Regarding the usefulness of the tours though, your criticism would be improved if you had specific issues with the tours. The fact that he uses goofy names and overly hip metaphors might not be to your taste, but that doesn't make the specific heuristics ineffective. While I haven't read the book yet, I've read some of his previous ones and recently went to a SIG talk he gave on this book. His thinking with the tours seems like a natural evolution of the work James did on Model Based Testing. The goal of coming up with heuristics for test design and planning seems very worthwhile. Moreover, the ideas inherent in many of the tours are arguably fairly novel. In any case the challenge for you as a reviewer, I believe, is to be more specific in your criticism, or provide a rationale for why the goal of coming up with heuristics for test design is not a worthy goal ("pointless," as you say of his effort).

In reply to an earlier post on Dec 1, 2009 5:15:54 PM PST
Last edited by the author on Dec 1, 2009 5:18:25 PM PST
Well I have read the book, and unlike some of the other reviewers, I paid for it myself. Thank you for your critique of my review, but I'm not sure how much more specific I can be.

As I stated. my feelings about all these tours are summed up as follows:
I see no value in these metaphors. In my testing I don't feel the need for them. And I believe testing already has enough variation in language and definitions already, without adding this additional layer.

If taking whatever type of testing you do, coming up with a tortured phrase ending in the word "Tour" is useful to you, then more power to you. And perhaps that will justify the cost of the book for you, should you choose to purchase it.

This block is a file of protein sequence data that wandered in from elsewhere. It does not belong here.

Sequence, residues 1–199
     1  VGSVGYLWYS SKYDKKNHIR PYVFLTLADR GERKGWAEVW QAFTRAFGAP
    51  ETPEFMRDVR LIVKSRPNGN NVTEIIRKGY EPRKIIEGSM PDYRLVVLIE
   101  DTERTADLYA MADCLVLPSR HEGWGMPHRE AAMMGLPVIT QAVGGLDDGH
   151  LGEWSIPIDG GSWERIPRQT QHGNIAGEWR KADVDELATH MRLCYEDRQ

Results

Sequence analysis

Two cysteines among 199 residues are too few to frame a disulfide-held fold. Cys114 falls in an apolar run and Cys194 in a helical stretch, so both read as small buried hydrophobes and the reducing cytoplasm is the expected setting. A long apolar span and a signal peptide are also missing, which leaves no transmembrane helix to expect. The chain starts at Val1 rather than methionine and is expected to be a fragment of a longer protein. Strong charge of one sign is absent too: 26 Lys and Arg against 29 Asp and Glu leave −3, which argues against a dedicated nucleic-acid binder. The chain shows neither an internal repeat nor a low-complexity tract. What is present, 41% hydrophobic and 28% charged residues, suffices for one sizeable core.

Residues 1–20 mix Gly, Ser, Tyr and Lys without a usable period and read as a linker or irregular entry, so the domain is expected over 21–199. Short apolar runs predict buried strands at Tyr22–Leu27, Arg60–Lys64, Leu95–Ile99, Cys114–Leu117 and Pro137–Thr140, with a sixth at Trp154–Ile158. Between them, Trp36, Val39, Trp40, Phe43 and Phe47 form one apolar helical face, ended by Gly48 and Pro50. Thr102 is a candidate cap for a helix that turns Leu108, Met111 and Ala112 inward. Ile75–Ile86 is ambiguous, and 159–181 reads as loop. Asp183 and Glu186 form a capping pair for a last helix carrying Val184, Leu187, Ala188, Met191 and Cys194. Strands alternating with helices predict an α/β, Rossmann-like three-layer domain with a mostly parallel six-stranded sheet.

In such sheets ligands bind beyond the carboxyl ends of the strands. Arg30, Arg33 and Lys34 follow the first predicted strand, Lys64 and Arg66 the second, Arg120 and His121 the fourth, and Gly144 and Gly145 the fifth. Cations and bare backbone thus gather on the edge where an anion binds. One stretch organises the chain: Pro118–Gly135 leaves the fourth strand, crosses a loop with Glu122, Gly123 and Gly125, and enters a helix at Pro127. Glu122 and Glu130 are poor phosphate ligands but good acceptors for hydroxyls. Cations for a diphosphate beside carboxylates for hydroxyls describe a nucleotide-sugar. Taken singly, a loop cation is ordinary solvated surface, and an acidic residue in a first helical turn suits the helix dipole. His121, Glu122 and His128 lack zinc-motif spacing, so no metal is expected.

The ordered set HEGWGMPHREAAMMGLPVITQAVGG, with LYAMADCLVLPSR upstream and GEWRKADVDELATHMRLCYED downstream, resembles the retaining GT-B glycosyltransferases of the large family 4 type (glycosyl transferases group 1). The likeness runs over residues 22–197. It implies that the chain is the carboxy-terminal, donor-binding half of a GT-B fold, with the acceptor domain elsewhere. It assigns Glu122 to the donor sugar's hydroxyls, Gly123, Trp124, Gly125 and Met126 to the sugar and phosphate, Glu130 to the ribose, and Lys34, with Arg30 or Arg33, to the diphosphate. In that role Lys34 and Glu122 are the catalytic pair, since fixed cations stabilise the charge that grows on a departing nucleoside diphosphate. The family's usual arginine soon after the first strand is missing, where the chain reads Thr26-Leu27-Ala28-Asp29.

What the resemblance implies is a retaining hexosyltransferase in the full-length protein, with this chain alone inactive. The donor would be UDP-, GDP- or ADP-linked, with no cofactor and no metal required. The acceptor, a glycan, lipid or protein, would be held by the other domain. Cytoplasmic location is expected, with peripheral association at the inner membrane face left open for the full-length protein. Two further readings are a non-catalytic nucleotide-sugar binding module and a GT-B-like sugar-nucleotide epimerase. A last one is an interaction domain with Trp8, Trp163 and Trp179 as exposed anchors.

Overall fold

If you do so, or if you borrow it from someone else, please come back and add your own book review. That way, we can debate the merits of the book itself, rather than debating my review of the book and how many stars I gave it.

In reply to an earlier post on Dec 1, 2009 5:34:26 PM PST
D. Godon says:
I don't mean to harp on you. At least, as you say, you read the book and provided your feedback in a review. However, the commenting feature for reviews is to discuss those reviews so I don't think my feedback is entirely out of place. I look to reviews to decide whether I will read the book, which is what I'm trying to decide with this book. You've got some good points in your review regarding some of the "filler" content and whether its valuable to introduce yet more terminology (I might argue about how severe such flaws are, but it still good feedback) - thank you. However, I don't see specific criticism of individual tours - just this abhorrence of the term "tour". The idea of tours and the specific tours he offers seems like the real meat of the book. I don't see that it matters much what you call them - the question is: are they useful in test planning or design. As such, I would like to hear specific criticism of one or more tours regarding why it/they are not useful. This would help justify a one star rating and, more importantly, it would provide feedback on the heart of the book to help me (and others) decide whether to read.

In reply to an earlier post on Dec 2, 2009 5:56:34 AM PST
Here's my suggestion to help you with your read/don't read decision. You've read some of Whittakers' other works (as I have), and have heard him speak about the book. You are intrigued by the Tours metaphors. So use Amazon's "Look Inside" feature and read one or two of the tour paragraphs.

For example, here's what Whittaker writes about the Money Tour:
"Testers performing the Money tour should sit in on sales demos, watch sales videos, and accompany salespeople on trips to talk to customers. To execute the tour, simply run through the demos yourself and look for problems."

If 25 pages of this is exactly what you are seeking, then you should buy the book. Perhaps you've never tested demos before and having read the catchy phrase "Money Tour" will prompt you to do so. And perhaps "look for problems" is exactly the guidance you need. That might justify the cost of the book for you.

It didn't for me, but I've been in the Software QA business for a long time, and have read a lot of other (better) books on testing.

Hope that helps you with your decision.